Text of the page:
The ‘irritable’ in irritable bowel syndrome is in itself an indicator of the nature of this is disease. The mix of stomach discomfort and trouble with bowel movement is indeed a cause for anxiety and irritability. It is not clearly known how stress and anxiety relate to irritable bowel syndrome (IBS) or which one of them comes first - but reliable sources indicate that they all tend to co-exist. The bottom line is that it is well established that those with anxiety, or other stress related disorders are more likely to suffer from IBS.
The cause of IBS is still not clear, and as we all know prevention is better than cure. But since there is no cure for IBS, learning ways to manage stress will be helpful to those who suffer from this condition.
What the stats say
If diagnostic interviews were done, about 60% of IBS patients will be found suffering from one or more psychiatric disorders.
One of the most prominent mental ailments suffered by a good number of people with IBS is generalized anxiety disorder (GAD). And according to research, it is estimated that 60% of IBS patients suffering from a psychiatric illness are living with GAD. 20% of the remaining patients suffer from depression, while some stress-related disorders can be traced in the rest.
Anxiety and IBS
According to statistics, if you’re suffering from anxiety, you tend to worry about issues relating to money, careers, and health. Other symptoms may range from acute stomach upsets, unusual trembling, muscle twinge, acute insomnia, dizziness, and bad temper. In fact, it is a catch-22 situation as worrying about your condition may also end up in exacerbating it.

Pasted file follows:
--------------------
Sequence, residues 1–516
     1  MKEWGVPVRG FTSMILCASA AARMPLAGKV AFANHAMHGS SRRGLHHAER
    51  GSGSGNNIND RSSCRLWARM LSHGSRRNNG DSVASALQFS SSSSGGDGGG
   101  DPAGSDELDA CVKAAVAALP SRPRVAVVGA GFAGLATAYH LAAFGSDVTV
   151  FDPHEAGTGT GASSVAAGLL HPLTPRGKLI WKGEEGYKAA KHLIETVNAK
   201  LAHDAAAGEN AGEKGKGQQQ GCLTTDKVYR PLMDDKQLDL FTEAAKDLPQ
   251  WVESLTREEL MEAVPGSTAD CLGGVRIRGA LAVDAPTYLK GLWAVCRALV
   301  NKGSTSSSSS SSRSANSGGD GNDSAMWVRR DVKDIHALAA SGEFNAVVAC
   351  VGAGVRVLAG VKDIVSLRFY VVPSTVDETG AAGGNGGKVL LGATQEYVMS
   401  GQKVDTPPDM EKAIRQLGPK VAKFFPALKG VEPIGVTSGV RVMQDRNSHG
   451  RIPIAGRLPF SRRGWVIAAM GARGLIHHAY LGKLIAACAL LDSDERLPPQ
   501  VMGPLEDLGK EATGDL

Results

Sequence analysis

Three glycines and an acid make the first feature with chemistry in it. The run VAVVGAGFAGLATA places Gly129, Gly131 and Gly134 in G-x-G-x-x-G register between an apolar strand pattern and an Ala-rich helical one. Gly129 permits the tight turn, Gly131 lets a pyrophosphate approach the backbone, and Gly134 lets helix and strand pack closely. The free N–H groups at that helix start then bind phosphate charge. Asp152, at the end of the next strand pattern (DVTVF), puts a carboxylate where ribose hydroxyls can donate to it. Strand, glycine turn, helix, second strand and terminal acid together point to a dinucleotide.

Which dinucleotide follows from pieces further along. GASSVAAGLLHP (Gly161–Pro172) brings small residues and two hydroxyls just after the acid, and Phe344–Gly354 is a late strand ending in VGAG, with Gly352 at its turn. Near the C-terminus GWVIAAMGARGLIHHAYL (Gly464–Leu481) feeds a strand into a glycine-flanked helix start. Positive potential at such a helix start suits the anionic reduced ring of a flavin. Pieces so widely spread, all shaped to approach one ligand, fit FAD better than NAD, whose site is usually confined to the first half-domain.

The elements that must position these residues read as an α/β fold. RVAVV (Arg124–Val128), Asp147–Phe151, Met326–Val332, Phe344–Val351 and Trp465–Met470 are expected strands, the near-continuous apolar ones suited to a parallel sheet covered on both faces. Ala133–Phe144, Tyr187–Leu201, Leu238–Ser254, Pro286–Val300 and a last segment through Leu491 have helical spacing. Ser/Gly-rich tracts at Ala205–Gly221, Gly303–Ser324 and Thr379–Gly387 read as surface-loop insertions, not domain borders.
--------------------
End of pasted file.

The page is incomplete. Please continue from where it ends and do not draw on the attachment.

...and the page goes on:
#1: How to cope with stress and anxiety
Various research have been conducted on how to deal with stress and anxiety, and all points toward effective stress management. Stress management is aimed at preventing and relieving IBS symptoms.
#2: Relax and do what you enjoy most
Whereas other people prefer the use of relaxation techniques like deep breathing and visualization to images of peaceful scenes, others are more into doing something enjoyable - like reading a nice book, socializing with people, or watching your favorite game - in managing IBS symptoms. There are also a number of retreats that offer people calm spaces to unwind and learn to relax with the help of professionals. Spending time at such places could help you on your path to recovery.
Your body needs exercise. Therefore, do them regularly, get enough sleep, and eat a good diet. This plays a vital part in reducing tension and stress. Deep breathing and yoga are known to reduce stress. In fact, it is said that learning to breathe from the diaphragm than the chest helps to relax the abdominal muscles, thus helping to regulate bowel activity. Another exercise that helps reduce stress is Jacobson’s relaxation technique or progressive relaxation. This involves progressively tensing and relaxing muscles from the feet up to the head, all the while concentrating on removing tension in each body part as you go.